Smart Borrower Blog

Fed Holds Interest Rate Steady on Inflation Concerns

Sep 17th, 2008 @ 9:02 PM by Amber Nelson

In spite of a slower economy and an ailing mortgage market, the Federal Reserve refrained from changing its key interest rate Tuesday.

The federal funds rate, the fee banks charge each other for overnight transfers, has been held at 2.0 percent since April of this year. The rate has an impact on banking and mortgage interest rates, affecting the general ease or difficulty of obtaining  financing.

In its press release, the Federal Open Market Committee (FOMC) recognized the current strains on the economy, saying “strains in financial markets have increased significantly and labor markets have weakened further. Economic growth appears to have slowed recently, partly reflecting a softening of household spending. Tight credit conditions, the ongoing housing contraction, and some slowing in export growth are likely to weigh on economic growth over the next few quarters. Over time, the substantial easing of monetary policy, combined with ongoing measures to foster market liquidity, should help to promote moderate economic growth.”

Yet the FOMC stated that its greatest concern at present is to control inflation. “Inflation has been high, spurred by the earlier increases in the prices of energy and some other commodities. The Committee expects inflation to moderate later this year and next year, but the inflation outlook remains highly uncertain,” the statement said.

Later the same day, the Fed released a statement authorizing New York’s central bank to loan up to $85 billion to insurance corporation AIG (American International Group) to keep it  from going belly-up and further depressing the troubled economy.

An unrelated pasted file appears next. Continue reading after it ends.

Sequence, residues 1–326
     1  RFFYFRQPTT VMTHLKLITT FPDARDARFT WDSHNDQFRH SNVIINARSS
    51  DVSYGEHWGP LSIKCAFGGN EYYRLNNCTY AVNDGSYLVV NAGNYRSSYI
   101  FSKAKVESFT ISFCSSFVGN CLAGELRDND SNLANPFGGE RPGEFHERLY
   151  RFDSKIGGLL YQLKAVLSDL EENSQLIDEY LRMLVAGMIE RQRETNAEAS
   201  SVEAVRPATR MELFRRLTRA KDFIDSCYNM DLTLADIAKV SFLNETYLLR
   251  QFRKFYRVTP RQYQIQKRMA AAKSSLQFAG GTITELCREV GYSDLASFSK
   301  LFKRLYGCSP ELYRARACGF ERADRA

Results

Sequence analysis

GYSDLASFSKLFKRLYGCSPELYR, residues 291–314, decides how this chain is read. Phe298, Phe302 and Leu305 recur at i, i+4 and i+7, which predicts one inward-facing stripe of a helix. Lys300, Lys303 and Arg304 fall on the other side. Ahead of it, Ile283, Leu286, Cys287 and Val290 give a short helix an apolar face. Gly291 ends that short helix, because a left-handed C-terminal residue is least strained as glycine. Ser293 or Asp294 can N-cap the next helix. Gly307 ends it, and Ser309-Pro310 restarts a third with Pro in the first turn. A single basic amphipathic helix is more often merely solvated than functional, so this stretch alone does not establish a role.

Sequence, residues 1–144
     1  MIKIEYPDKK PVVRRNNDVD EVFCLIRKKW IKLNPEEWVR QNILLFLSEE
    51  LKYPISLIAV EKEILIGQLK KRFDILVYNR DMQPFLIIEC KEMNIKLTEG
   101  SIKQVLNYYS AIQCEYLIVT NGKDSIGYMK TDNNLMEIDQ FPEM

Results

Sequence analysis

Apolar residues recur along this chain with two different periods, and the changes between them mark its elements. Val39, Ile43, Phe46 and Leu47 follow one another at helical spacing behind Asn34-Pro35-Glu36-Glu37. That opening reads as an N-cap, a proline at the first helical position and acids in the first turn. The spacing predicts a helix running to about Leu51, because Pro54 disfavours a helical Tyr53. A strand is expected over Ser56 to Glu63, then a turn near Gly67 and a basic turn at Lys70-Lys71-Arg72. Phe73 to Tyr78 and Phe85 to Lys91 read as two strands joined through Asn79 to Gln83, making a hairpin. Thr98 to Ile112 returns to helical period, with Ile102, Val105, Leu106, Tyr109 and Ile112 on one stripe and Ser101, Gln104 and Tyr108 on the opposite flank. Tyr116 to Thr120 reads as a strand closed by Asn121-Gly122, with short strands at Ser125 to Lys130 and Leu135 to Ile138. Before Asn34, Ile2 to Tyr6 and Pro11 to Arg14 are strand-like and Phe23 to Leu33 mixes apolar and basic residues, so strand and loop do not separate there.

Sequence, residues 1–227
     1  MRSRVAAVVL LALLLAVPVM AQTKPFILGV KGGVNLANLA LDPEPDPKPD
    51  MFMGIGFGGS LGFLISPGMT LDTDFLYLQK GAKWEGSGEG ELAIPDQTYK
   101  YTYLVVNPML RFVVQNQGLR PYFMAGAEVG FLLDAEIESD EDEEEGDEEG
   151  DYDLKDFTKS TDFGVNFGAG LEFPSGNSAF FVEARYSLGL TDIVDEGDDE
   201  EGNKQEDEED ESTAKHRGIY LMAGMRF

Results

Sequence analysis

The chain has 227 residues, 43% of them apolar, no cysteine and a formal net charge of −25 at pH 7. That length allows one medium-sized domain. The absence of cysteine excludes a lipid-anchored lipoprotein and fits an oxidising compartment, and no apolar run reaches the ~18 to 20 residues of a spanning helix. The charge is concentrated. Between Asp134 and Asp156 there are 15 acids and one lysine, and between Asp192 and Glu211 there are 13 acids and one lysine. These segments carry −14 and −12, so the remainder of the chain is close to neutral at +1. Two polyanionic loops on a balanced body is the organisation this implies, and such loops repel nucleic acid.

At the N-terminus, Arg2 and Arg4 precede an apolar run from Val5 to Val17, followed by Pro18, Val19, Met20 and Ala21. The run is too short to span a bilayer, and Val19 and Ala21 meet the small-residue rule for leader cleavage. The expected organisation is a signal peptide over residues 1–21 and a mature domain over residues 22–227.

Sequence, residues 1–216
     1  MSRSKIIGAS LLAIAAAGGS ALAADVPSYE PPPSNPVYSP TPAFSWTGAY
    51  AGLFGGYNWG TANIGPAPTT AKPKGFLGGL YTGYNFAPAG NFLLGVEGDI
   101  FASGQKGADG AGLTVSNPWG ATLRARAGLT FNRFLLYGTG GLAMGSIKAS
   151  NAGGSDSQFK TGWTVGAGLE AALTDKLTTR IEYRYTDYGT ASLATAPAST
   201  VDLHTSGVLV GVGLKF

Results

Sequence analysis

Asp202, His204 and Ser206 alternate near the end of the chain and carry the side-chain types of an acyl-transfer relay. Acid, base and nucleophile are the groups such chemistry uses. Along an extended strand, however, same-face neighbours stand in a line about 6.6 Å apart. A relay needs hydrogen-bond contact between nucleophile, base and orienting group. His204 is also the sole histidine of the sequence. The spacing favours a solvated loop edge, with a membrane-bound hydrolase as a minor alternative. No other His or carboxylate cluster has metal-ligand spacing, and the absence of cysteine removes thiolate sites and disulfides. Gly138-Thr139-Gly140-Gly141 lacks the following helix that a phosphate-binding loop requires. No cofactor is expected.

“The Board determined that, in current circumstances,” the statement read, “a disorderly failure of AIG could add to already significant levels of financial market fragility and lead to substantially higher borrowing costs, reduced household wealth, and materially weaker economic performance.”

AIG will have 24 months to sell off its smaller companies and subsidiaries, during which time it can draw on loan funds from the New York Fed.

This was an unexpected move, especially after the federal government refrained from bailing out the bankrupt Lehman Brothers corporation earlier in the week. Yet stocks rose on news of the Fed loan, soon after they fell on news of the unchanged interest rate.

About Amber Nelson
Amber Nelson is a seasoned mortgage industry writer and a regular contributor to and

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